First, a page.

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During last week’s survey, we found three nests already built, two under construction and eight empty nesting boxes.

In our Survey of this morning, we discovered that the nesting pairs are definitely in the family mood, as we found nine nests completely built, two under construction and only two empty boxes.

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This week, we found nine of the thirteen boxes had nests in them that were completely built, ready for eggs.

Here are the Trail Survey results for this week:

Nest #1 – Nest under construction – some moss found in box. – Last Week: Empty box – no activity.

Nest #2 – Nest built. – Last Week: Some straw in box.

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Master Naturalist Buddy John joshes me about finding no nests when I opened the nesting boxes, while he always found nests when he opened the boxes to check them.

Nest #3 – Empty box – no activity. – Last Week: Empty box – no activity.

Nest #4 – Nest built – no eggs yet. – Last Week: Nest built.

Nest #5 – Nest built – no eggs yet. – Last Week: Nest built.

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One of the many species of Mississippi wildflowers we encountered during this week’s Trail Survey, this one being the Carolina Creeper, according to Master Naturalist Buddy John.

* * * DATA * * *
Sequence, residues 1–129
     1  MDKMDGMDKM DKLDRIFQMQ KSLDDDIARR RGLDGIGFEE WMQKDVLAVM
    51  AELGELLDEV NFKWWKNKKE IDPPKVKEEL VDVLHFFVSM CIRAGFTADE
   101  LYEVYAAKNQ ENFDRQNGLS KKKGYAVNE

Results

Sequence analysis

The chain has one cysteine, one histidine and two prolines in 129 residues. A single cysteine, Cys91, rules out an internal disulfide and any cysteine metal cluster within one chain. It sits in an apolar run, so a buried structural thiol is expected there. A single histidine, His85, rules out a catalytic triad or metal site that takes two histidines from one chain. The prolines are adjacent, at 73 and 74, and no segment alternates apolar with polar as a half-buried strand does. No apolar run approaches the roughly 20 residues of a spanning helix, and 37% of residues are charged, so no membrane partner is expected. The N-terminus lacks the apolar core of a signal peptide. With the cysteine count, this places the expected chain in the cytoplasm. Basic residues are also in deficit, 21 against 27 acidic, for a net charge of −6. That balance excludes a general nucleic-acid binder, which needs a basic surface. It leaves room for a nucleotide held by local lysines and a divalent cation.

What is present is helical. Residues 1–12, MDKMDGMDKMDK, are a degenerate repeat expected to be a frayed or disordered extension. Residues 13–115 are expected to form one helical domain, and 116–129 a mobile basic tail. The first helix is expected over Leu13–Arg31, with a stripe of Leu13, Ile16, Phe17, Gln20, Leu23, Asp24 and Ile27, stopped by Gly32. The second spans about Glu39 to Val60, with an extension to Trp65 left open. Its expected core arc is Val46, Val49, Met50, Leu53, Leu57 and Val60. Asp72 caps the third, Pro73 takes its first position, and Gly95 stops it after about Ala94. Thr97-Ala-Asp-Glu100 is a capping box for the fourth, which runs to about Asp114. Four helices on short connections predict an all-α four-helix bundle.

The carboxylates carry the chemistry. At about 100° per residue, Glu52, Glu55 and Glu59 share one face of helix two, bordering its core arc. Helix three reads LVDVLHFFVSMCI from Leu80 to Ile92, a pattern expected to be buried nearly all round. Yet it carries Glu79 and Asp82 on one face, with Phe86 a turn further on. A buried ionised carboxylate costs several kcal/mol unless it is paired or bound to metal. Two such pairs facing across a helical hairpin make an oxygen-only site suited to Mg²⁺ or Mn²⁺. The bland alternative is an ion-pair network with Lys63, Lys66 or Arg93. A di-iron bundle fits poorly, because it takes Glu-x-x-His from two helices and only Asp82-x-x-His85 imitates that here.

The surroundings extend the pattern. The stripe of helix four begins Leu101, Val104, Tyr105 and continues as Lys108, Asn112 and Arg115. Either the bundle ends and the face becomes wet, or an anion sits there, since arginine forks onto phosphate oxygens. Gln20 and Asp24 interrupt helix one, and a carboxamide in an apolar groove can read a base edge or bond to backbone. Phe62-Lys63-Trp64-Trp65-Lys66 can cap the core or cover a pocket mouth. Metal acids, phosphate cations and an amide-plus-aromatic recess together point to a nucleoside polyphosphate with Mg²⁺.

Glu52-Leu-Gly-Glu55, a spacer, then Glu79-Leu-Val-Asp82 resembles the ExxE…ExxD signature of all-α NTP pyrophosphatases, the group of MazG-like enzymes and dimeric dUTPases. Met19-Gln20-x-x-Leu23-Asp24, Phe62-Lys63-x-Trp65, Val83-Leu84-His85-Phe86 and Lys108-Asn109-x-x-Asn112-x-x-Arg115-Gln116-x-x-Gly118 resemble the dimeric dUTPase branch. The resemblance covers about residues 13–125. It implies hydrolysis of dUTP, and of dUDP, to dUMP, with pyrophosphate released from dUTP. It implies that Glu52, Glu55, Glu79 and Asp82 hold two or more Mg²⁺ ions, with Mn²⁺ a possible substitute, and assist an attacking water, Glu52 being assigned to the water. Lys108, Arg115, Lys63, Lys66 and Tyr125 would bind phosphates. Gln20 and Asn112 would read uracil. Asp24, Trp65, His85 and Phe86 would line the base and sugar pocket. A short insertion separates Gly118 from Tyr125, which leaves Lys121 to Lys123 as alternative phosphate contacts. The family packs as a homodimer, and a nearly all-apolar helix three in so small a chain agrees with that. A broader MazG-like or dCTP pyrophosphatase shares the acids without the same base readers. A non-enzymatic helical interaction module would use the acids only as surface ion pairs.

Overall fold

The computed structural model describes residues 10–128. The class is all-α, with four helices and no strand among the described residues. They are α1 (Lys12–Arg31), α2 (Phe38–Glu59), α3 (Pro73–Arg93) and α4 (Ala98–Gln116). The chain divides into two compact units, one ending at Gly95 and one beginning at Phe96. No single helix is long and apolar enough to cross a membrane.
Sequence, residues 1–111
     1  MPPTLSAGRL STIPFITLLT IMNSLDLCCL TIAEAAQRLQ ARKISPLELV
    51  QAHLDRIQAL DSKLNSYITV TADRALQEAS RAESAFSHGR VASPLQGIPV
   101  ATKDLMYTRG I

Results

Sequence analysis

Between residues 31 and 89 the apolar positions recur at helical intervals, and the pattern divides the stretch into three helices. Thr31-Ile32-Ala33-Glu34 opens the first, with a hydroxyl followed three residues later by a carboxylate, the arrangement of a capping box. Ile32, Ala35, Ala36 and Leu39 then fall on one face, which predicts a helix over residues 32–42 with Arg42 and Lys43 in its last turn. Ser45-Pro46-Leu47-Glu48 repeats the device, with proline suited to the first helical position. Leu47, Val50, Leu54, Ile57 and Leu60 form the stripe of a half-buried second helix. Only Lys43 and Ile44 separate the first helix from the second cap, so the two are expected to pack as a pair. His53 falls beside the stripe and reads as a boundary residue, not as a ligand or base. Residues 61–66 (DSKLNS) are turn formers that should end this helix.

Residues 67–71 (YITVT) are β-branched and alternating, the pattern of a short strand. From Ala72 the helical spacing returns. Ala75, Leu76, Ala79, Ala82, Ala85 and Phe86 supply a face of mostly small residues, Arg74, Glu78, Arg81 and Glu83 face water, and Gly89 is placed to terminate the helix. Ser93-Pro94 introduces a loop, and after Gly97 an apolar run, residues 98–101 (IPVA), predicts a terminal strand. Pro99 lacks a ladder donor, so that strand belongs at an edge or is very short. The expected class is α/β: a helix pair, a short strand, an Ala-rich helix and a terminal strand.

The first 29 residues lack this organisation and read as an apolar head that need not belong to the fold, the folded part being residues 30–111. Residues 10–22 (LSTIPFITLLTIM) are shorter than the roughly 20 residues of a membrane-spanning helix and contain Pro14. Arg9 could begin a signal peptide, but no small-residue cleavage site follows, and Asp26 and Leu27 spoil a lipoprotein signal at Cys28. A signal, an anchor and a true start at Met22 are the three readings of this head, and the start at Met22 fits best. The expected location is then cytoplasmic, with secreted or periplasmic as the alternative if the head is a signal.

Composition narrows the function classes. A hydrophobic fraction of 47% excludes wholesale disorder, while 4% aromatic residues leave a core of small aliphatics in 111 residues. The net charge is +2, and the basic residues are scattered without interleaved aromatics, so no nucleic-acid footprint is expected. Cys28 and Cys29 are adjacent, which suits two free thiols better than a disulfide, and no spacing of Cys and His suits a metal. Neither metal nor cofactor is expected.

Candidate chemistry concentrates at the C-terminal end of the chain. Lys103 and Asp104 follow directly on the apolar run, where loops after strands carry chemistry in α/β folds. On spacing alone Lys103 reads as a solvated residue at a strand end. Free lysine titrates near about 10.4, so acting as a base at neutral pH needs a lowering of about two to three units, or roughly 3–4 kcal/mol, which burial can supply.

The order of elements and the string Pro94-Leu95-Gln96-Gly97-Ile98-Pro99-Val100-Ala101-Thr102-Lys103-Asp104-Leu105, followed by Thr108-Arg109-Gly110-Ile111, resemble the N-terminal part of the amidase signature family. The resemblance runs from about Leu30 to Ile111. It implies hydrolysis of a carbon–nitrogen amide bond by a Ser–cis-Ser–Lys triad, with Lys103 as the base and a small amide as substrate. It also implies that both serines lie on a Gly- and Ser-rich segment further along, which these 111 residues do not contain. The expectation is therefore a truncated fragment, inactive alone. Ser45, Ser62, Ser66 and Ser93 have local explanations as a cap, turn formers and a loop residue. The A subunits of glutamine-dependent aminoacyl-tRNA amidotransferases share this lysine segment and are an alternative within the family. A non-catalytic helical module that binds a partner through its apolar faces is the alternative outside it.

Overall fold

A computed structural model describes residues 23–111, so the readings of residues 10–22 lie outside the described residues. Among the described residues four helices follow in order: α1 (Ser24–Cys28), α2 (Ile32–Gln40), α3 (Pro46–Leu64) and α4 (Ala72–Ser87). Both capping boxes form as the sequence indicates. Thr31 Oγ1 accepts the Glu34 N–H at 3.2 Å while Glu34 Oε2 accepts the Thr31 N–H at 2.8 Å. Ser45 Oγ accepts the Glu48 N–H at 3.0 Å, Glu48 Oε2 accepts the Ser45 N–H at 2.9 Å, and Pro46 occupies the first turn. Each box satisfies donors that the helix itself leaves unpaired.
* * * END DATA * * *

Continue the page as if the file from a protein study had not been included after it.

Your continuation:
Nest #6 – Nest built – no eggs yet. – Last Week: Nest built.

Nest #7 – Nest built. – Last Week: Nest under construction.

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Another of the wildflowers we encountered during the survey.

Nest #8 – Nest built. – Last Week: Empty box – no activity.

Nest #9 – Nest built. – Last Week: Empty box – no activity.

Nest #10 – Empty box – no activity. – Last Week: Empty box – no activity.

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Nest #11 – Some straw in box. – Last Week: Empty box – no activity.

Nest #12 – Nest built. – Last Week: Empty box – no activity.

Nest #13 – Nest built. – Last Week: Empty box – no activity.

Hopefully, in next week’s Trail Survey report, we will have lots of Blue Bird eggs in the nine complete nests we found this week.

Until then, from the Mississippi Gulf Coast Blue Bird Trail Survey team (including Emily, the Tree Climbing Wonder Dog), have a great week!

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PS- Emily put on a real show yesterday afternoon, when a group of 30 some college students from Virginia Tech and Ball State stopped by to see our giant Live Oak. While many of the students gasped and snapped digital shots of her, she walked up and down the huge limbs of the 700+ year old tree, which has an amazing horizontal branch spread of 162 feet!